Cookies on this website

We use cookies on our website. If you continue without changing your settings, we'll assume that you are happy to receive all cookies on the Welsh Ambulance Services NHS Trust website. However, if you would like to, you can change your cookie settings at any time.

The way we’re measuring ambulance services in Wales is changing.

Since 1974 our ambulance service has been measured by the time it takes to reach emergency calls.

A lot has changed since 1974, but the way we are measured has not.

The ambulance service of today provides much more sophisticated clinical care, yet the focus is still on how many ambulances arrive at calls within eight minutes regardless of the clinical outcome.

That’s why, for a one-year pilot period, we’re moving away from time-based targets to look more at the quality of what we do for you once we arrive.

Don’t worry – if you’re suffering with a life-threatening stroke, heart attack or you’re not breathing, we’ll still send the nearest available resource as fast as possible.

But for less serious conditions, we’re going to be measured on how well we treat you and how often we manage to avert a trip to hospital by referring you to the most appropriate clinical setting.

Here our Head of Clinical Services, Richard Lee, talks about the new clinical model in a nutshell.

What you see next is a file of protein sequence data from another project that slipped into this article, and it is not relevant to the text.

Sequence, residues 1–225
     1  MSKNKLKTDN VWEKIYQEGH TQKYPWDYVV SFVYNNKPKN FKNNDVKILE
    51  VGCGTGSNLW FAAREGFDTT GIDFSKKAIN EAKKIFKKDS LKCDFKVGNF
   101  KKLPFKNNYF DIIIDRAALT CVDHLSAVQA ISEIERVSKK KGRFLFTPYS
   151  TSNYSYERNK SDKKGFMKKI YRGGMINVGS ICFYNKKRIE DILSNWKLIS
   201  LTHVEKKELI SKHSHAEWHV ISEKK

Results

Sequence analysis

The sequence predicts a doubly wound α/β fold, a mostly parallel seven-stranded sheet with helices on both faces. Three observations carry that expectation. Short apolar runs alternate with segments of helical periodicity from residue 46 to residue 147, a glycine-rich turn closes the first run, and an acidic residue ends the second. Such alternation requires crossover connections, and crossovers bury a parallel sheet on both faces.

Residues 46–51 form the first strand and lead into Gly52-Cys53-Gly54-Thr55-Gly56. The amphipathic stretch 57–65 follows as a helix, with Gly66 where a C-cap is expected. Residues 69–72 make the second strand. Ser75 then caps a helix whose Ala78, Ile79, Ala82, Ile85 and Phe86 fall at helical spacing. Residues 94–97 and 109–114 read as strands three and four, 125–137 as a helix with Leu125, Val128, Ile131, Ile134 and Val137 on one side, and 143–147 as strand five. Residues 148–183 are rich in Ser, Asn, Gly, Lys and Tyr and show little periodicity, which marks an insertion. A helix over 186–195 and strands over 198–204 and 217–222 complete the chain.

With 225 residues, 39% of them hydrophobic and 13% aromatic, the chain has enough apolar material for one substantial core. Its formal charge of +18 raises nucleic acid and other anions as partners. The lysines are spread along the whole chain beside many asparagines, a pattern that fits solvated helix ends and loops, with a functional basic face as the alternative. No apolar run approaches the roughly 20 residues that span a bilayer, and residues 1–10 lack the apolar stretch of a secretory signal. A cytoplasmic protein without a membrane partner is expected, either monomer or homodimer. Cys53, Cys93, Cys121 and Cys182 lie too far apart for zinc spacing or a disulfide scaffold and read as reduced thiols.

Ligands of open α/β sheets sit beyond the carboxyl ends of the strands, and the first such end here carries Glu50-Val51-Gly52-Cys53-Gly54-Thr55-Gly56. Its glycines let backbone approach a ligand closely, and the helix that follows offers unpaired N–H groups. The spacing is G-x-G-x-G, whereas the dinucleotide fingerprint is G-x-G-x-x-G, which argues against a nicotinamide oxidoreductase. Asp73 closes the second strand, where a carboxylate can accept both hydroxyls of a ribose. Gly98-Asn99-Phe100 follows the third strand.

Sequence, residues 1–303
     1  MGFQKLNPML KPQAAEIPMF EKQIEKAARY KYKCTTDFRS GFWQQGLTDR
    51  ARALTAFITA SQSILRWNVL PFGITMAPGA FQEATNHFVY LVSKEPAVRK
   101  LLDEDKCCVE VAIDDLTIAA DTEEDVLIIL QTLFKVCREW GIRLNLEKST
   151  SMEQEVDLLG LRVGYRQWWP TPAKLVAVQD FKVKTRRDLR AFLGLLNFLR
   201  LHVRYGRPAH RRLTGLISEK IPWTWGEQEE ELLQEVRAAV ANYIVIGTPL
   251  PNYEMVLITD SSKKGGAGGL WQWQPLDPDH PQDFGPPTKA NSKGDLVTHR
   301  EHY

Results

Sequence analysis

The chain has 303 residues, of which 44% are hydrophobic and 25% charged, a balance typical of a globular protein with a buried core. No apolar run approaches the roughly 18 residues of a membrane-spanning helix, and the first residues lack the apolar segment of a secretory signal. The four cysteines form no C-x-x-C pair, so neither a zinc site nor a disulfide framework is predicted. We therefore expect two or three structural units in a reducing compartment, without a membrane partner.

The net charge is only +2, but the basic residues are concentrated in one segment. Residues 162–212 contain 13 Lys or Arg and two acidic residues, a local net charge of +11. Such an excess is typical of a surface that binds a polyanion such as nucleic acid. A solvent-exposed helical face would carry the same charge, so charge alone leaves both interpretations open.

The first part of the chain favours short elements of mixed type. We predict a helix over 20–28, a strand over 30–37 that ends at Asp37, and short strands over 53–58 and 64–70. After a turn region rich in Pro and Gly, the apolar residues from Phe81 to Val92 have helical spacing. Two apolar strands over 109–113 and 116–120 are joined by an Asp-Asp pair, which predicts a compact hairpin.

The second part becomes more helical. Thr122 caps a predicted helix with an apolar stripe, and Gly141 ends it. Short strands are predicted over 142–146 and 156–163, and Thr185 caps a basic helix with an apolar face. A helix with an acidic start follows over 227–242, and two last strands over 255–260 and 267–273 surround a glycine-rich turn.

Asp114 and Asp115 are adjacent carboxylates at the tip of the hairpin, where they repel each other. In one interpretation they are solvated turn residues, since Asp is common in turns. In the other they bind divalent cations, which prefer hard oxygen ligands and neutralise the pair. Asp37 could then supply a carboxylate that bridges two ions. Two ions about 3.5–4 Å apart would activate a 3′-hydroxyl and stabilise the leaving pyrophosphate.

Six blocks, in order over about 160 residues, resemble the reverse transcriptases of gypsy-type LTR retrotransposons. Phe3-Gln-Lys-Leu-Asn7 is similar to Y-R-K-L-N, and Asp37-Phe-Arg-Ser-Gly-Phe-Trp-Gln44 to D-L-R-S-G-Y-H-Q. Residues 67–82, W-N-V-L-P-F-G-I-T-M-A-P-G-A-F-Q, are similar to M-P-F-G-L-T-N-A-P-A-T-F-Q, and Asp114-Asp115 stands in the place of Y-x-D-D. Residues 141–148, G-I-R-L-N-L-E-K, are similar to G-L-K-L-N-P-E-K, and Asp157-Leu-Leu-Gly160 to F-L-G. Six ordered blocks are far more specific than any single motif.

The role of the ambulance service is to deliver a range of clinical services.

Some of these are delivered over the telephone and some of these are delivered by people coming to see you face-to-face.

The new clinical model introduces new ways in which callers to 999 are assessed to ensure they are receiving the most appropriate care and response to suit their needs.

The changes will clearly identify those patients who require an immediate life-saving response, and these patients will receive the highest priority response in the fastest time possible.

All other patients will receive a bespoke clinical response based on their condition rather than a generic response based solely on a time standard.

These changes should improve patient experience as well as improve patient flow through hospitals.

The changes will begin on 1 October 2015.

Here Richard talks in more detail about what the clinical model means for our patients.

These changes have the patient at the very centre.

It’s very important that as the public of Wales you have confidence in us as your national ambulance service.

As part of this new clinical model, you’ll be able to see how we’re doing in treating you, by looking at a series of clinical outcome indicators.

This will be easy to understand information and will allow you to judge the quality of the service we are providing in your community.

More information about where you can view data about our performance will be shared closer to October.

Got a question? Check out this Frequently Asked Questions document.

Please visit Welsh Government's website for more information.

Click here to read a letter from our Medical Director, Dr Brendan Lloyd, to Welsh Government about the new clinical model.

Click on the below to hear a cardiac arrest survivor Annette Sexton talk about her experience at the hands of the Welsh Ambulance Service.

Cancel Your Transport